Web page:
Sunday, May 8, 2011

Will the world be a safer place for my children's children?

A few nights ago I sat and watched the evening news with my husband and son.  And it was big news.  Osama bin Laden had been killed by US Special Forces at his compound in Pakistan.  Americans surrounded the White House shouting "USA!  USA!" with red, white and blue in full force, celebrating that one of the world's most elusive criminals was arrested, tried and executed within moments.  Social media was buzzing with folks rejoicing that 'justice has been served'.  The villain is dead.  Now we can live happily ever after?

I stared at my baby's face as he sat on my lap, completely oblivious to disturbing footage playing in the background.  Did Osama bin Laden's death make the world a safer place for my children?  Can military violence bring peace to the planet for my children's children? 

These are the questions I ask, the questions that trouble me as I'm falling asleep.  These are the questions I want my leaders to ask.  We use violence to secure resources, take revenge, appease and please, to guarantee re-election, to seem strong and capable and formidable and maintain an extravagant lifestyle.  What if we instead sowed seeds of justice in nations that are hurting and weak?  What if we stopped consuming and wasting the majority fo the world's resources and sought sustainable living for all?  What if we put our trillions of military dollars into our nation's healthcare, education and employment opportunities - or even to alleviate debt and suffering in developing nations?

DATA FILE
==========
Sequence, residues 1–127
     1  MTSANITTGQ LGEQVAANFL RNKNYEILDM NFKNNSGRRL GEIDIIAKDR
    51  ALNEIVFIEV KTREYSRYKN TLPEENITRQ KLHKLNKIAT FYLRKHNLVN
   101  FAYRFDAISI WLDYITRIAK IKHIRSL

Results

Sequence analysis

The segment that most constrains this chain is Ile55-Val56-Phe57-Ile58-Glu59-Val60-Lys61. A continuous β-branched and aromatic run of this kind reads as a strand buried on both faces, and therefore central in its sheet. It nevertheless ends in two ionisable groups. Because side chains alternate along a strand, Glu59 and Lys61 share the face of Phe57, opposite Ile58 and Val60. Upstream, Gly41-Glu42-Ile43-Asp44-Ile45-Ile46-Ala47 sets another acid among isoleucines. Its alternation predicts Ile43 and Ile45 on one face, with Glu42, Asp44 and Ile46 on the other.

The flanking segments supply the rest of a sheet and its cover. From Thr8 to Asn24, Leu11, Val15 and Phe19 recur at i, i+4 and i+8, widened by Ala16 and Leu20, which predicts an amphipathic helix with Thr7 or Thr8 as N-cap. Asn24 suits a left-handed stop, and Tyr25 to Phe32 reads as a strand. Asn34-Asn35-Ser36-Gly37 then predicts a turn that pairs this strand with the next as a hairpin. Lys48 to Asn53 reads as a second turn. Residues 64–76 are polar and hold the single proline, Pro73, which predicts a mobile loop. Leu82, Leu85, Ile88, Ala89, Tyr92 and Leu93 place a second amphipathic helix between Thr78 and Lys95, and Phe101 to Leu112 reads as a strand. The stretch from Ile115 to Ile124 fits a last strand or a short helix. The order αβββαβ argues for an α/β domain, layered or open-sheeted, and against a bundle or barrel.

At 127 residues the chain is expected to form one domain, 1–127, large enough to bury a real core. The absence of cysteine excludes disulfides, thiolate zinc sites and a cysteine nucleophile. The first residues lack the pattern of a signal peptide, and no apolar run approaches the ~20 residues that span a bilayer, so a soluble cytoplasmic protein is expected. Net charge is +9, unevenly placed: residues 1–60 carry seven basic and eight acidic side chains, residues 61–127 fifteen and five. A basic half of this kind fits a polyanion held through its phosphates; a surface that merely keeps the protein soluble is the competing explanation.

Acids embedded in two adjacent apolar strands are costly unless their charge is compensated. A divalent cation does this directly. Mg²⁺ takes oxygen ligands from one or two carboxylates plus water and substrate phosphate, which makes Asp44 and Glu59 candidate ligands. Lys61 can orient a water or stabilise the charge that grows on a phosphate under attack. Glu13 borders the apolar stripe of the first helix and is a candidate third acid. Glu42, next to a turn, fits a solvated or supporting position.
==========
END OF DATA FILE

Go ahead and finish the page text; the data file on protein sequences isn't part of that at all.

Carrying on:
Righteousness and peace will kiss each other.  (Psalm 85v. 10b)  Our consistent right actions will be met with peace.  So many brave women and men throughout history and the world can testify to this truth that is truer than our swords and guns and drones.  These are simple ideas.  But I'm just a mother, thinking about the future of my children.  And I'm not so different from mothers with children in Iraq and Afghanistan. 

Righteousness and peace will kiss each other.  Because of our generation's blood-soaked hands and horrific history, this will take time.  The way of peace, the way of the cross, will always be slower, more costly and more demanding than the way of empire.  We may not see it in our own lifetime even.  But we can see it in our children's.


  1. I liked this. I agree with everything you said here. I have to say I am often more pessimistic and find it hard to think that things could get better in this world and fear what it will be like for my children. But it's just so important at least to teach them a different way of justice and love to not conform with the way of this world.

  2. i know - chris and i get excited with how pure saf's imagination is and how much further he'll be able to go in his thinking if we teach him history through people power movements and non-violent movements than through war and violence. i think the only reason i have hope for the world is because of God and his mustard-seed kingdom that is taking over the world, slowly, but surely.